The one thing I do enjoy about this feature is that it’s not limited to my “Top 100” of the time. In a year, the list could be outdated, or something removed. This allows me to create a continually expanding “Hall of Fame” as it were, with titles that hopefully people would want to experience as they look through this and my previous entries. It also gives good games a chance that while may not fit on a conventional “Top 100”, but are still noteworthy enough of recognition. A little more of an explanation of how I choose my games is simple: Games have to be more than a year old, and I don’t add compilation packs as it would just be too easy.

Without further adieu, on to the feature….

1.) Out of This World (Interplay Productions) – The game’s rotoscoped animation, polygonal graphics, and animated cut scenes are only part of this game’s enduring appeal. The fact that it tells a fully compelling and dramatic story without the use of any text or spoken dialogue is one of game’s most memorable features. Leading physicist Lester Knight Chaykin through and extremely alien world where the player is truly on their own, yet aided by their nameless alien friend throughout most of the game. The game was one of a kind, with no status meters, no conventional power-ups, and death could come in one unexpected, fatal blow at any time. It’s my hope that this title eventually makes its way to the Virtual Console at some point or another.

2.) Doom (id Software) – While not the first 3D shooter that most people mistake it for (Wolfenstein came before that), Doom is certainly the one that thrust the FPS genre in the spotlight. The game was unique for a lot of reasons: Its dark themes, blending a science fiction theme with the very concept of Hell, demons, and other related imagery, to the iconic BFG-9000, and the horrific Cyberdemon. Outside of its single player campaign, and clever level design full of secrets and traps, the game was undeniably a multi-player innovator as well, allowing friends to blow each other to bits in many a Deathmatch. If there’s one game that remains an icon of PC and “Mature” gaming, it’s Doom.

3.) Yar’s Revenge (Atari) – Simple in concept, yet incredibly addicting, Yar’s Revenge allowed players to control the fly-like spacecraft to pick through the multi-layered wall of the Qotile base to deliver one well-timed blow to the fortress inside via a super missile. This was no easy feat as a destoyer missile was constantly homing in on you, in addition to the swirl that would quickly aim and launch to destroy your ship. As the player got farther, the enemy’s speed would increase as did the difficulty to break through the wall. But Yar’s Revenge remains a solid title due to strong gameplay, and its high replayability factor.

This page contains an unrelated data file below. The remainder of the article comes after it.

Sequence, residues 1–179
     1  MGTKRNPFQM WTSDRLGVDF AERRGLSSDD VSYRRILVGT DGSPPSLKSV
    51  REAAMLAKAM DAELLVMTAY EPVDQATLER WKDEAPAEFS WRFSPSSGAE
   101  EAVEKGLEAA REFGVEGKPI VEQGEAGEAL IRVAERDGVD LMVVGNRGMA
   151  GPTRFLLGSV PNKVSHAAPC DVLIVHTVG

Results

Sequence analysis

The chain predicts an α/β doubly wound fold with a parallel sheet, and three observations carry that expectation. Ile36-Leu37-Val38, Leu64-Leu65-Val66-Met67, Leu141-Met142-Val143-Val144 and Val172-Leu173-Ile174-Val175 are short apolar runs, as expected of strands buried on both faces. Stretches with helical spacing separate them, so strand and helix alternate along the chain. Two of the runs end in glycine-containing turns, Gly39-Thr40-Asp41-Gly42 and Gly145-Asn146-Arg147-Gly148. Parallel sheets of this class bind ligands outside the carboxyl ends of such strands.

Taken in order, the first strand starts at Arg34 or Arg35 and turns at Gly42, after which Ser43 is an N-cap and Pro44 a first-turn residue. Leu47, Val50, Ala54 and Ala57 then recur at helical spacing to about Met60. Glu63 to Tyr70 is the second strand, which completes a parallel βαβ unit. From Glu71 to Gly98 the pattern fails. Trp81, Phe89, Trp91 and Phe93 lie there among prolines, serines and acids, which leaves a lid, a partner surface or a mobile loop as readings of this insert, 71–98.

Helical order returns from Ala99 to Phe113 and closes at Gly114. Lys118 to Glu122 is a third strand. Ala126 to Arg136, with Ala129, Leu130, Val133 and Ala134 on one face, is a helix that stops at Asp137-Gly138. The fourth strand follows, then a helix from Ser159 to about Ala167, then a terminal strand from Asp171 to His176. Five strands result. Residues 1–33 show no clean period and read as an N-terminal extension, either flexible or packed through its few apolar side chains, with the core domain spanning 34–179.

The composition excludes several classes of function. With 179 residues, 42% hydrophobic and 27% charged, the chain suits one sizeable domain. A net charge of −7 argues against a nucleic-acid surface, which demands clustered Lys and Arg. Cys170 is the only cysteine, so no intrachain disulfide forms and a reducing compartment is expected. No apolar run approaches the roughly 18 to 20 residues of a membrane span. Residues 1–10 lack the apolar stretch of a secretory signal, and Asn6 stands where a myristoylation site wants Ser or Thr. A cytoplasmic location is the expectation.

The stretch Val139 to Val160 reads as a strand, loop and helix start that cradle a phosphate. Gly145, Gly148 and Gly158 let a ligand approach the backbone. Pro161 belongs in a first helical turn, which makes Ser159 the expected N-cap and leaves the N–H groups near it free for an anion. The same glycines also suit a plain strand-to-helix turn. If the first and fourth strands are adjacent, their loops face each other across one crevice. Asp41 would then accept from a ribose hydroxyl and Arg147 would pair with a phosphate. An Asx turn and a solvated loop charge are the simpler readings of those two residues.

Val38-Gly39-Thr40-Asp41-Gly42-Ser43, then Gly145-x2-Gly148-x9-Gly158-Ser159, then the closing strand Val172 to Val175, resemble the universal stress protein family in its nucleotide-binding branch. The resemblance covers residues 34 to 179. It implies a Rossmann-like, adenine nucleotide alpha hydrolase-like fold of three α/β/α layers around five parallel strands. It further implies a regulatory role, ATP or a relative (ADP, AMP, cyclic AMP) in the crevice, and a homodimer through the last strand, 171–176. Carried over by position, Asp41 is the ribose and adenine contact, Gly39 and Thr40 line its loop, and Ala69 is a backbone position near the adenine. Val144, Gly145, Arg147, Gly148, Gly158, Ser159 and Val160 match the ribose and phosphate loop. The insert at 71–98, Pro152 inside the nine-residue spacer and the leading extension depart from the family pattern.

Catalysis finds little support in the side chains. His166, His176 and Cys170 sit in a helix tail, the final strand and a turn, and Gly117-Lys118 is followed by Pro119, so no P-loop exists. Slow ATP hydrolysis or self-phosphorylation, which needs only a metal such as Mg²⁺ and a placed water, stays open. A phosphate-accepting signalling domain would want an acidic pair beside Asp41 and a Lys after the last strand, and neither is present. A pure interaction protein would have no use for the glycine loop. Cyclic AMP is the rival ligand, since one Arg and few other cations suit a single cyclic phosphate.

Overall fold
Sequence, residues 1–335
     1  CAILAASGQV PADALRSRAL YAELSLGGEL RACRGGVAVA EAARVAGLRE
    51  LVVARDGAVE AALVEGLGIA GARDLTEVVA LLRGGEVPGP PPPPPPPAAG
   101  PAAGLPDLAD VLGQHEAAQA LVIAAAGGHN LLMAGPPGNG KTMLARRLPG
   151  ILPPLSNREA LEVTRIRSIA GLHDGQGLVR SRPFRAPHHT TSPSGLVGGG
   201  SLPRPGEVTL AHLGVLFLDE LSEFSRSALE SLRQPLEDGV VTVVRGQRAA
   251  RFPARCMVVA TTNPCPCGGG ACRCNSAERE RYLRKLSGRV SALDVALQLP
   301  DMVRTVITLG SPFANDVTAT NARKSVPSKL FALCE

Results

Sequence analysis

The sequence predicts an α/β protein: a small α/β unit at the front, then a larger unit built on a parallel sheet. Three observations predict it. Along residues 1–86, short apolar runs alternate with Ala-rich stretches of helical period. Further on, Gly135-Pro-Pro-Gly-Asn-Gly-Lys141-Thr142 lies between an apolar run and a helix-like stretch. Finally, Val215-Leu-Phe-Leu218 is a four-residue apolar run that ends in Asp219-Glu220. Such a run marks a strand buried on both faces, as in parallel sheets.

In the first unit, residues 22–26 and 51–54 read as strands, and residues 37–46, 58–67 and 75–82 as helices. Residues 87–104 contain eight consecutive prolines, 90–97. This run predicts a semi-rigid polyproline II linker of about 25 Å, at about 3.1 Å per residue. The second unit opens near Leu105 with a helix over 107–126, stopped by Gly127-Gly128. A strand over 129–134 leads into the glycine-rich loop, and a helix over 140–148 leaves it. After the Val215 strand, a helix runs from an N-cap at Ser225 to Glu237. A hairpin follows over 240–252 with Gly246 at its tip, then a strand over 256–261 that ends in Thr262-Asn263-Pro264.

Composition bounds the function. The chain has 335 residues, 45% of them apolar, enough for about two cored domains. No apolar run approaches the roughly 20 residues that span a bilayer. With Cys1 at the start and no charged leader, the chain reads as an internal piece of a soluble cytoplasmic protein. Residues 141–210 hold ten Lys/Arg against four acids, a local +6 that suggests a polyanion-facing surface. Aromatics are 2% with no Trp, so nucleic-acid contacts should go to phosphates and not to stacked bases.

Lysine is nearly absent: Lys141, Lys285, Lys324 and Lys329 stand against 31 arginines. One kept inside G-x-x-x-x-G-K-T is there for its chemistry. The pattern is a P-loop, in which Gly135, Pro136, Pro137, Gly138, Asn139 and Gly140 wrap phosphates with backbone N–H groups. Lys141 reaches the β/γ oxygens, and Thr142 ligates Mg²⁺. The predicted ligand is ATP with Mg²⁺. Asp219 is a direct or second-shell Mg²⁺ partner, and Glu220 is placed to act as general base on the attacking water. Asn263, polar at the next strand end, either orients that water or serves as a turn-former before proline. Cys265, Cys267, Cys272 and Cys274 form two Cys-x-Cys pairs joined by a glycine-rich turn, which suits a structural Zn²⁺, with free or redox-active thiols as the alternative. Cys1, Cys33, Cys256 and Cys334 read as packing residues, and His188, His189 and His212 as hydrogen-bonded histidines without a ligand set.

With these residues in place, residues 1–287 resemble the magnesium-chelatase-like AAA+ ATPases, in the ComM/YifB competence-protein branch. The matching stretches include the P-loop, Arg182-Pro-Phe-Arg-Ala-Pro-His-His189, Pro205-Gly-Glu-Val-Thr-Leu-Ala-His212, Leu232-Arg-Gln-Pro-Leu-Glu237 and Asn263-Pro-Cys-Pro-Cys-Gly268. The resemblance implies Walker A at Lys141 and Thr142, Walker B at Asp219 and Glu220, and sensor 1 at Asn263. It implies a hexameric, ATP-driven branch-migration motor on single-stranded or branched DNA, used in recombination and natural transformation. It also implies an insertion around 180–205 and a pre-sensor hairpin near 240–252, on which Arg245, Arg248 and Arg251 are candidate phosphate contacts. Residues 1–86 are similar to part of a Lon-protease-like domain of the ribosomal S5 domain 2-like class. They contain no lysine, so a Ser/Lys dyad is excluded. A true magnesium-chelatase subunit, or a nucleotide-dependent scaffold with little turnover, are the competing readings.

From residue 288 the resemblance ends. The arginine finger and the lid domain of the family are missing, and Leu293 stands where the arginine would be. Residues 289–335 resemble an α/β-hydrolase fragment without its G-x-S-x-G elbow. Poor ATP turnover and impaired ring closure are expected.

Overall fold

4.) Funhouse (Williams) – The first pinball game on the “Favorite Games” list, Funhouse is an addicting, complex, and challenging machine. The big pull of this title was “Rudy” a dummy that followed the movement of your ball, and commented on your playing style. One of the main goals, however puerile it may sound was to “sink your balls in Rudy’s mouth”, which has become something of a running joke, but if pulled off, can yield a high amount of points. From its catchy soundtrack, to diverse commentary by Rudy, to the number of bonus options found in the game, Funhouse is a fun title to find and play in the arcades. The game has even found its way home as well, on the excellent Pinball Hall of Fame: The Williams Collection.

5.) The Simpsons (Konami) – Back in the late 1980’s and 1990’s, Konami excelled at two things in the arcade: Beat ’em up titles and successful arcade games based on animated shows. As with Teenage Mutant Ninja Turtles, The Simpsons captured the look and feel of the still-running show, better than any of the home games ever did. With the exception of Maggie, players could control the entire Simpsons family in a four-player brawler extravaganza, which included funny animations, voice clips straight from the voice actors, and in one-upping TMNT, the various family member could pair up with each other for different combinations of more devastating attack moves. It even included a few Life In Hell references for old-school Matt Groening fans. Sadly, the game has never been released on consoles (likely due to Acclaim releasing Simpsons games during that time), but hopefully this classic arcade title will one day find a home alongside its animated counterpart on the television screen.

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